Iran U.S. conflict hypocritical, dangerous

Kris Long, Opinion Editor

Hang on for a minute...we're trying to find some more stories you might like.


Email This Story






There are many suggested motivations for the United States to go to war with Iran.

Supporters of the conflict claim that Iran has been attempting to gain control over countries in the Middle East and they are also concerned that Iran could be building up nuclear weapons. Most likely, the reason they are pursuing a war with Iran is they’re politically motivated to start a conflict to look tougher in foreign policy. Regardless of motive, war with Iran would be hypocritical and costly.

The cause for the unstable state of current Iran and the bad relationship between Iran and the U.S. can be traced back to the CIA’s overthrow of Iran’s secular, democratically elected leader,  Muhammed Mossadeq, in 1953. From there tensions rose until the U.S. entered the Iran Deal in 2015, making it impossible for Iran to develop nuclear weapons while also making the U.N. lift all Iranian sanctions. 

Then, in May of 2018, the U.S. pulled out of the Iran Deal based on shaky evidence provided by the Israelites, and the situation has taken a turn for the worse in the past two months. The U.S. sent naval ships to the Gulf of Oman, then blamed Iran for attacks on four oil tankers in the Gulf. On June 21, the Iranians shot down a U.S. military drone over the Strait of Hormuz. Iran claims the drone was in their territory and the U.S. claims it was over international waters. The U.S. retaliated with a cyberattack the following Sunday.

A major concern is Iran’s influence in other Middle Eastern countries, namely Yemen, Syria and Iraq. Iran’s interference in Middle Eastern governments has brought devastating effects, especially in the Yemeni Civil War. All of this would seem inexcusable to the U.S’s ideologies and cause for conflict, until you look at the U.S.’s track record in the Middle East and all over the world.

The American government has interfered with political processes in many areas of the Middle East, Central America and East Asia to pursue American ideals. Examples include Vietnam and Guatemala, where the U.S.attempted to stop the spread of communism. No, Iranian influence on other regional countries is not ideal, but the U.S. needs to hold themselves to that ideal before they can hold others to it.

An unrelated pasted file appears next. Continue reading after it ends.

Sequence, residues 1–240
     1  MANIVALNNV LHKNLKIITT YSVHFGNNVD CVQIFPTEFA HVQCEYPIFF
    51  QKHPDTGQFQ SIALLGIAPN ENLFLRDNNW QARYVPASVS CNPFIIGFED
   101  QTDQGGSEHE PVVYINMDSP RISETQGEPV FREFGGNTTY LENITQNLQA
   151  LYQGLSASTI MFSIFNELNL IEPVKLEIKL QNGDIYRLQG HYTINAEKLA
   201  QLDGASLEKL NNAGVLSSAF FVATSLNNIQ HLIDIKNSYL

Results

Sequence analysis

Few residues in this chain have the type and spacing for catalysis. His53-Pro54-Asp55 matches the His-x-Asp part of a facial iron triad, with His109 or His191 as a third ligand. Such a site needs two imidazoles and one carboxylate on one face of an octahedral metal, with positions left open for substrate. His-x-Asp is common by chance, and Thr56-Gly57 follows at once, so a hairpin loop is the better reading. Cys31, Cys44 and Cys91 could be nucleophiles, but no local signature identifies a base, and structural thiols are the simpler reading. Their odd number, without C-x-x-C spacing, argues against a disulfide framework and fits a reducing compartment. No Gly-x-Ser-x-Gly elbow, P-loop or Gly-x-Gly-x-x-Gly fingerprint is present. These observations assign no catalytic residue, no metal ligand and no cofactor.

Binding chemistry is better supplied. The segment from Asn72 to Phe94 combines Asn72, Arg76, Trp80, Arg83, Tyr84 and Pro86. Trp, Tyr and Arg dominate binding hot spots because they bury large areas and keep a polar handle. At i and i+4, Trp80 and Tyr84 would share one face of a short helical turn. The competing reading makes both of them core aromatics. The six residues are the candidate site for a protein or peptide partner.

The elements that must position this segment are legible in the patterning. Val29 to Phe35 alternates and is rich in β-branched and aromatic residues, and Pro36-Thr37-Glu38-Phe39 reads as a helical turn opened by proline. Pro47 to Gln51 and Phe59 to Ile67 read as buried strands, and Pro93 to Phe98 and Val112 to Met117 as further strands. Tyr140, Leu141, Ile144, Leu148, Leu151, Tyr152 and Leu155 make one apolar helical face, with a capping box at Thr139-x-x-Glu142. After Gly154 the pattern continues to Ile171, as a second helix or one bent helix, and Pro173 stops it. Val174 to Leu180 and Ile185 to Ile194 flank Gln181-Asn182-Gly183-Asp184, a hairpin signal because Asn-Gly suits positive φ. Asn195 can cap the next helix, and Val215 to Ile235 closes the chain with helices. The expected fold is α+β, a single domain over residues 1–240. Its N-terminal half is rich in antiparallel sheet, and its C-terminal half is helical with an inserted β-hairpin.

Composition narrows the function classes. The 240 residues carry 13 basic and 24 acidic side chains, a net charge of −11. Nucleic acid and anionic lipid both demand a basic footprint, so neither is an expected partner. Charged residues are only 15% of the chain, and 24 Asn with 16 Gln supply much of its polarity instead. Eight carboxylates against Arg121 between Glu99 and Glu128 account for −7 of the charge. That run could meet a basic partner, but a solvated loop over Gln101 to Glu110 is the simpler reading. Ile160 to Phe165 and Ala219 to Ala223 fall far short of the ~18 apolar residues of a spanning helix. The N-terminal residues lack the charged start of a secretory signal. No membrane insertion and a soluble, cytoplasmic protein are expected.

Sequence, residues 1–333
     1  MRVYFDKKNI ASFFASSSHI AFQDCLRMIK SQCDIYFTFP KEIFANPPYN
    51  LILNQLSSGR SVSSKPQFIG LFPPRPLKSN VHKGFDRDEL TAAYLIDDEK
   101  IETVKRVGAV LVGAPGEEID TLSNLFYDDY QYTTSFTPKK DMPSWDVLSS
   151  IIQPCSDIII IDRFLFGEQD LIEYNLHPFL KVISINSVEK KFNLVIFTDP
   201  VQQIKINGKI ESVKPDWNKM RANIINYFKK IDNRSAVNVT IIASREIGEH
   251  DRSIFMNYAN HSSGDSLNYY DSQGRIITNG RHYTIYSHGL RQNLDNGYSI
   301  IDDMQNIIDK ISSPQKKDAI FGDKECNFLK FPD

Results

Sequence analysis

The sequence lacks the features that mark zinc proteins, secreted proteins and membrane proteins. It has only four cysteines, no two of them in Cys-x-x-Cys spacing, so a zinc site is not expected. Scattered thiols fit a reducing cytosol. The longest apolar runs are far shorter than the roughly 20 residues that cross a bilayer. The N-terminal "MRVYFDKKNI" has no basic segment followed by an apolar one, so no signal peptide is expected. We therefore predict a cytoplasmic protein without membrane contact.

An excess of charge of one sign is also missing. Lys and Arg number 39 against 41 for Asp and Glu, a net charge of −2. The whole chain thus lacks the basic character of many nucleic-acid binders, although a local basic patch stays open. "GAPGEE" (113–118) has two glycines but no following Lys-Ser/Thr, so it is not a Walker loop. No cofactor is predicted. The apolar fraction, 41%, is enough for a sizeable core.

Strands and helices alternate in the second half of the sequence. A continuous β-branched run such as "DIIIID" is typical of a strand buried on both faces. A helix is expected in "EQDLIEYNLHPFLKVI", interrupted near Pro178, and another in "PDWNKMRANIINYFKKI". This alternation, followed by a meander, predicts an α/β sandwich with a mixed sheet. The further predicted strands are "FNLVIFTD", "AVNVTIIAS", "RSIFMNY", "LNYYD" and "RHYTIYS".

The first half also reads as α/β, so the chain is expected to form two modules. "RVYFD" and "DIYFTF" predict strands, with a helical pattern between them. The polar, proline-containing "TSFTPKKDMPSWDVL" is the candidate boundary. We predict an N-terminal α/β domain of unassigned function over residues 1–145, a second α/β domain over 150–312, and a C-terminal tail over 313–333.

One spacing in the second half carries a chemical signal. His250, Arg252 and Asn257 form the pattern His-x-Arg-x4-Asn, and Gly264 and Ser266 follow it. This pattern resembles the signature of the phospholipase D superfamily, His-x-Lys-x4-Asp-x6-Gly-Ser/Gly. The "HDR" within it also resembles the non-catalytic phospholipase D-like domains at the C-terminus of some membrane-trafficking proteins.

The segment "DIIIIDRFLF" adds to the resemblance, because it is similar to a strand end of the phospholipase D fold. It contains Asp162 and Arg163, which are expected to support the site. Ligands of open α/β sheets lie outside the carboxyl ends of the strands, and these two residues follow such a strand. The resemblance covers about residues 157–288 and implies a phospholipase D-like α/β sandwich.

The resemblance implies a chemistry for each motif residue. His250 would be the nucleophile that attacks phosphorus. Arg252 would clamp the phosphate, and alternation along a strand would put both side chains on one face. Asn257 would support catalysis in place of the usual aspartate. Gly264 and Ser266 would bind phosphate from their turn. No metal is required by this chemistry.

Another reason for war comes from the Iranians stockpiling uranium, presumably to make nuclear weapons. Since the U.S. pulled out of the Iran Deal, they are not violating any treaty the U.S. is following. However, the president is convinced that Iran should not have access to nuclear weapons.

Yet again, Trump has created his own problem. He didn’t want to support a treaty former president Barack Obama supported and because of that he pulled out of the deal. Therefore, Trump’s politics could lead the U.S. into war. Instead of provoking the conflict, Trump needs to negotiate to re-enter the deal.

Before the U.S. can rush into a conflict with Iran it needs to do three things: hold itself to its ideals before holding others to them, seriously consider the effects of another war in the Middle East and be open to negotiation. For this to happen Trump needs to stop playing politics for 2020 by using conflict to attempt to unite his supporters and show strength. And most of all, the U.S. needs to stop its policy of being “the righteous protectors of democracy,” and using violence to protect that message. For once, the U.S. needs to just take a deep breath, walk away and apologize.

Print Friendly, PDF & Email